Once again several days of planning and practice preceded the event. Ray Hauley tried vainly to reach Alice McMullen, program chairmen, but finally settled for information obtained from Ed Olsen. The corps practiced at the Bethlehem Senior High School for several days preceding the competition, working hard on the Conn. Contest Piece. Those who practiced for the trip included: Barney, Greg, Ray, John, Baron, Scott Radley, Dick MacDowell, Brit, Buz, and Jim Colfer. Bill Frueh also worked with the group, but didn’t make the trip due to a conflict with his vacation plans. Information obtained from Ed Olsen, disclosed that the corps would have to register before 11:00 a.m. and be ready to parade at 12:00. The contest would get under way after the parade. All members were contacted by Ray Hauley, and the above members planned to travel down with Mr. Colfer, Mr. Brown, and Bob Barned. Bob Morse Also was able to make the trip at the last moment. It wasn’t till Friday night that drivers and times had been established, and by then most people thought things were under control, however, Ray Hauley discovered that not enough time was allotted to reach the city by the 11 o’clock deadline,. So early Sat. morning he called Mr. Colfer and was able to get him to leave early with Buz traveling with him. Mr. Colfer no sooner than left when Bob Barned reported (from Albany Hospital) that he suffered. burns on the wrist while servicing a car on his night shift, and would be unable to drive down as planned. Our search for another car was answered when Mr. Brown suggested that we use his wife’s car. Ray Hauley was elected to drive it down. We finally pulled out at 8:30. The ride down went quite smoothly until we reached the Hartford area. It was here that Ray turned off the turnpike by mistake. By the time he got back on the pike, Mr. Brown wasn’t in sight. To make things worse, the fan belt slipped off the generator causing a noise like the siren on a cop car and a stench that curled your hair. All members leaped out as soon as Ray pulled off the highway. Many took treasured items with them, thinking the vehicle was about to blow up. Dave Gregory grabbed his fife, Baron Fitz “saved” a bag containing sandwiches etc. After a few futile attempts to put the belt back on, the boys were pushed to a service station by a state cop. The boys finally did get going though, and made it to North Haven by 1:00 p.m. Mr. Colfer also had difficulty on the way down, and so we had to register late. We formed at the end of the parade and marched to the fairgrounds to such tunes as Fireman’s Quickstep. There were many ancient corps, plus a variety of modern and combination outfits. Actually, we were in still another c!ass, that being “Out of State Senior Ancient.” Our only competition was Colonial Williamsburgh. They edged us out, in most categories. However, Buz did salvage something when he won an individual award for snare drumming. After waiting for all the trophies to be passed out, those who had not already left, rode back with Ray.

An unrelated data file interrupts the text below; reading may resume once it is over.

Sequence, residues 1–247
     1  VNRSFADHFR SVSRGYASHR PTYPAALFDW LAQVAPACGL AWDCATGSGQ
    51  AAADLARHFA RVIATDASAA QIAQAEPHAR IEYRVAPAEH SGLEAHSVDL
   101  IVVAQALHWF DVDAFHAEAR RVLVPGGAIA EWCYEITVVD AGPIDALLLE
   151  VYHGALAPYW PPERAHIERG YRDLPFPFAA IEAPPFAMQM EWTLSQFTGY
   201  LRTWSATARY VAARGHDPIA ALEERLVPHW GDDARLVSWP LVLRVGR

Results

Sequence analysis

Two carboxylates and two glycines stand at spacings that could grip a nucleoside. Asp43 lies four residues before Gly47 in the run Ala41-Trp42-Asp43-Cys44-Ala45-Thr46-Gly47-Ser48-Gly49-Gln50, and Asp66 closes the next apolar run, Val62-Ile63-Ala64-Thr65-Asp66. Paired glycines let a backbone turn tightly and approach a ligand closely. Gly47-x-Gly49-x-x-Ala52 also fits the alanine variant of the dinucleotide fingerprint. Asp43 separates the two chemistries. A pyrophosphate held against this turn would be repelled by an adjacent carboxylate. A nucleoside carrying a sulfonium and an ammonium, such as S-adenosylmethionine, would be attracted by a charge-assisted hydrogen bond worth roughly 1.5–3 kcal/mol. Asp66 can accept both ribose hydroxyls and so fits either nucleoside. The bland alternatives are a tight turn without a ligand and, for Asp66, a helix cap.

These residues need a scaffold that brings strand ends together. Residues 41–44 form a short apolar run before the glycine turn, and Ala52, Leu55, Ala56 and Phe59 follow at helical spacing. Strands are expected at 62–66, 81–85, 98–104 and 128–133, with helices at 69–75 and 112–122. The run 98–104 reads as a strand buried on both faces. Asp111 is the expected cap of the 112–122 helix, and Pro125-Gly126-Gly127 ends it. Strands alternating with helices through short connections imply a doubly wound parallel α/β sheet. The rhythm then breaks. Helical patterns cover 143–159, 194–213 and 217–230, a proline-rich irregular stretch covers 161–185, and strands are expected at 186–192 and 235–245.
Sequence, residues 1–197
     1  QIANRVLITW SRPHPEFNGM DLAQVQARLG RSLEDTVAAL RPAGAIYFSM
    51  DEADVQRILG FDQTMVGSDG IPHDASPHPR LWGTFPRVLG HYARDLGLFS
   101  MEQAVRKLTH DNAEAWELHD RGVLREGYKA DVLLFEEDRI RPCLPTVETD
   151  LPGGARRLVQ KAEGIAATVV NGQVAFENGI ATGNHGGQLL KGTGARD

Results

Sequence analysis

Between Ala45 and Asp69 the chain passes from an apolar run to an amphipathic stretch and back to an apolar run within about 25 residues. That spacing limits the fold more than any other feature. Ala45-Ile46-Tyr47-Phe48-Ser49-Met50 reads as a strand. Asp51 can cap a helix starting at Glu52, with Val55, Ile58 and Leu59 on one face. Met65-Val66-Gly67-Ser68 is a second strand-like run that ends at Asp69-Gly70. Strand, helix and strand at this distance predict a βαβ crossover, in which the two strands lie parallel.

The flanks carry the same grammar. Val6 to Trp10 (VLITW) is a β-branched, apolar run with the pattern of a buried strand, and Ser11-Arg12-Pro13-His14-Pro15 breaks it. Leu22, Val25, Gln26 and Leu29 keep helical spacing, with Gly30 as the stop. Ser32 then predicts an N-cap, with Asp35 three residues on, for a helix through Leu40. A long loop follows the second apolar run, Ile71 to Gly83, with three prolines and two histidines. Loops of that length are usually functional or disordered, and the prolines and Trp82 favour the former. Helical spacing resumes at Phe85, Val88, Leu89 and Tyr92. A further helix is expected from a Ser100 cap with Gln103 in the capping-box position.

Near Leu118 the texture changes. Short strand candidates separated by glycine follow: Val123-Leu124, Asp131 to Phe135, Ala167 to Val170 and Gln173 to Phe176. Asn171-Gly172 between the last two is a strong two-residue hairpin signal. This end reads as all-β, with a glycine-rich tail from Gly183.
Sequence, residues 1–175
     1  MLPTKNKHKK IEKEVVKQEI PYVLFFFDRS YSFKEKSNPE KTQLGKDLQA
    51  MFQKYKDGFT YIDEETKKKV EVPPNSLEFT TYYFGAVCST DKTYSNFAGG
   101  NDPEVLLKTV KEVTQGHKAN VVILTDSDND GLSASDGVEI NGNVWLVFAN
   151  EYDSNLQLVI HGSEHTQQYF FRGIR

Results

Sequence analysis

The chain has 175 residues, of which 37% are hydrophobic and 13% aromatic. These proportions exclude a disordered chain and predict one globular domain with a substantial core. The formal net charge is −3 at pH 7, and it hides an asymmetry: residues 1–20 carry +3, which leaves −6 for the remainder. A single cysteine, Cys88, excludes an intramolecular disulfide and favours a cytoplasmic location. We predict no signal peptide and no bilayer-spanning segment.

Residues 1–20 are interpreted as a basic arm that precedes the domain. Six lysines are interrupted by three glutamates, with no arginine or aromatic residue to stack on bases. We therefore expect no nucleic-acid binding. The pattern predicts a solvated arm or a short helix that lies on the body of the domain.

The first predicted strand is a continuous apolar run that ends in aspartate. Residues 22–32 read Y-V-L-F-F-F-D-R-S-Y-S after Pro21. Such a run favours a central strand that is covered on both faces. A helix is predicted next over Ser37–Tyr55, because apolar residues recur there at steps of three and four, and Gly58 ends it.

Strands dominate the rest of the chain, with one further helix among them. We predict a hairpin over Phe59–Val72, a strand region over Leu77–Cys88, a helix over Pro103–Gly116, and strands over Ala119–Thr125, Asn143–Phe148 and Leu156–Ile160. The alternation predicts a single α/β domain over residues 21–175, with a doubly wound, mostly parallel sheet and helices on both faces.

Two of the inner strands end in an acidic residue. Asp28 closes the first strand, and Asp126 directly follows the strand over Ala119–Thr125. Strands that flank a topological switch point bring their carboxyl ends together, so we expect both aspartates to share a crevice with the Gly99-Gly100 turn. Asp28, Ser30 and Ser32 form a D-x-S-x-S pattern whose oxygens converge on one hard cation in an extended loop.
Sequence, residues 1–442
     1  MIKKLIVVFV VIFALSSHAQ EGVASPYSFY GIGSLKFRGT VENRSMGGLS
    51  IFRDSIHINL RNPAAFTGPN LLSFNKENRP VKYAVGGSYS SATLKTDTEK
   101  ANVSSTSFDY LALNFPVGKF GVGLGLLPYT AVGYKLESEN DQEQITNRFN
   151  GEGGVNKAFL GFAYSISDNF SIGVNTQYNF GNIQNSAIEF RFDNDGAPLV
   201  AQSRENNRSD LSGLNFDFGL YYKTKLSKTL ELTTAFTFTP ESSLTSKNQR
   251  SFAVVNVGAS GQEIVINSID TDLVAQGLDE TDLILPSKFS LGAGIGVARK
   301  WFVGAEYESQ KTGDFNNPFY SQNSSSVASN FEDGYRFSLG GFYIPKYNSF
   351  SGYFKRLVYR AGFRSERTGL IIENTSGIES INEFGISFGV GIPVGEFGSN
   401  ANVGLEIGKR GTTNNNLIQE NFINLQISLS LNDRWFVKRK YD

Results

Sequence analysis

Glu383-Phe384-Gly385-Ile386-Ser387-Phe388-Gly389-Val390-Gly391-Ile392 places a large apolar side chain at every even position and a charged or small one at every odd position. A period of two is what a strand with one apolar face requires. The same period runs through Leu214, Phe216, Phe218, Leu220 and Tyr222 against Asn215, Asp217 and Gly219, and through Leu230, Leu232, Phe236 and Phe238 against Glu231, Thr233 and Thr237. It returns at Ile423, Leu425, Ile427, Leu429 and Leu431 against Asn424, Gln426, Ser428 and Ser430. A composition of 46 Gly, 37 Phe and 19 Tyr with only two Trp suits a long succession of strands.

August 24, – Firemen’s Parade, Menands, New York.